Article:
A new U.S. Department of Education policy that could cost beneficiaries of the Say Yes program needs to be rescinded. The policy could delay scholarship payments to students who would then risk incurring tuition late fees. And for what valuable public purpose?
Senate Minority Leader Charles E. Schumer, D-N.Y., spoke out against the ill-conceived policy in which only two private scholarship providers – the United Negro College Fund and the Hispanic Scholarship Fund – have direct access to financial aid data from the Free Application for Federal Student Aid.
Also harmed is the Community Foundation for Greater Buffalo – as well as similar foundations across the country – which also administer significant scholarship programs and are prevented from seeing the data.
Schumer is exactly right when he said the Department of Education must make that data available to a broader group of private scholarship providers, ensuring that Say Yes program students get well-earned aid. He needs to keep on this, as should Reps. Brian Higgins, D-Buffalo, and Chris Collins, R-Clarence.
This new federal policy undermines these organizations’ ability to calculate financial aid. You cannot calculate a last-dollar scholarship without identifying the first dollars.
Say Yes operates in Buffalo and Syracuse. Buffalo’s Say Yes program has helped 2,587 students reach college since 2011 by providing that last bit of aid plus wraparound services. Schumer wrote Education Secretary Betsy DeVos a letter expressing his concerns that the new rules might weaken the program’s effectiveness.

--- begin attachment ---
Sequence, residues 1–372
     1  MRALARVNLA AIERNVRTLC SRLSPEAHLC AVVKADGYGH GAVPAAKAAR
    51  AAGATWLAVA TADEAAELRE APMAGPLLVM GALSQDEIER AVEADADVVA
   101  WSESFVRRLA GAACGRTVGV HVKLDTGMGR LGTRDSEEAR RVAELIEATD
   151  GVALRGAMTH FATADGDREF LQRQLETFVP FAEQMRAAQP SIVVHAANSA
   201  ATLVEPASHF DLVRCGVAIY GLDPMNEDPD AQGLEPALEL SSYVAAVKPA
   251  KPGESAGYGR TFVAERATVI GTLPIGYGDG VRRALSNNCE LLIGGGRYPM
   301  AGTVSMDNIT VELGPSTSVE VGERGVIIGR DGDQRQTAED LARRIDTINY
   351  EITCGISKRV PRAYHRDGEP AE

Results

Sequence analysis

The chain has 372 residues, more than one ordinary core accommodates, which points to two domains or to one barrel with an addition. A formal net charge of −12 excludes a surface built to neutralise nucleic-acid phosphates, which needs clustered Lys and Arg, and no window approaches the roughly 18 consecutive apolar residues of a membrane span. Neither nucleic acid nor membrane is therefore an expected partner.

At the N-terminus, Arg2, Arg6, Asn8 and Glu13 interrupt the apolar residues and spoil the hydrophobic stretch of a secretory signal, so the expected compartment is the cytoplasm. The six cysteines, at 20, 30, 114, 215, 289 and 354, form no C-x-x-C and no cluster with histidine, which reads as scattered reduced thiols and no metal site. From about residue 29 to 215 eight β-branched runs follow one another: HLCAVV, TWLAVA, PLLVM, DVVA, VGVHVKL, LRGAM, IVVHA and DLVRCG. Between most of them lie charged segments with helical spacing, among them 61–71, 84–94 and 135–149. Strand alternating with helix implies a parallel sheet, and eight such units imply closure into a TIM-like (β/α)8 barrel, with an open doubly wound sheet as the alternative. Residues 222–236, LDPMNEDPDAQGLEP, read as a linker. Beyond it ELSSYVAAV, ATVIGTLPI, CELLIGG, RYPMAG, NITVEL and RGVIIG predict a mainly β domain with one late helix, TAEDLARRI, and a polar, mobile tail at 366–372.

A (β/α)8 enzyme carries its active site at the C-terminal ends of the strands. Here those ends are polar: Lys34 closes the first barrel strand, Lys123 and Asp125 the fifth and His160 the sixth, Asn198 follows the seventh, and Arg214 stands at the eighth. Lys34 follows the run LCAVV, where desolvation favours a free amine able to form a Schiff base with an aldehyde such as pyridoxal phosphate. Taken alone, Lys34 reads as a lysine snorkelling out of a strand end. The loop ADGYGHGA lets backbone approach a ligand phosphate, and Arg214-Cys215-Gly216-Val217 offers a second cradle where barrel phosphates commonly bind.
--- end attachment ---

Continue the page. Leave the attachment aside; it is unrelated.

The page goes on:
DeVos should pay particular attention to the senator’s letter and reconsider these potentially damaging new rules. Meanwhile, Say Yes to Buffalo and its partners have worked to lessen any damage, guaranteeing students they will not have to pay late tuition fees in case of delayed scholarship payments.
Say Yes is dedicated to making college access as easy as possible by getting what is owed for each student directly from higher education partners. Say Yes works with the entire State University of New York and City University of New York system and offers more than 100 private institutions that students are also eligible to attend. The bulk of Say Yes students – 85 percent – attend local institutions. The five largest are the University at Buffalo; SUNY Buffalo State; Erie Community College; Medaille; and Villa Maria colleges.
It is disappointing to see the administration put up barriers for higher education access, especially given that they harm students who need the most help. It’s contrary to what all Americans – in particular, those in Buffalo who benefit from Say Yes – want to see.
Say Yes is a strong, established organization that has deep relationships with higher education partners. It has been able to devise a student-friendly process that will not put holds on students’ accounts, or prevent them from registering for classes or have them incurring late charges.
But this issue is an example of how quickly federal policy changes can weaken needed services and scholarships in a community such as Buffalo.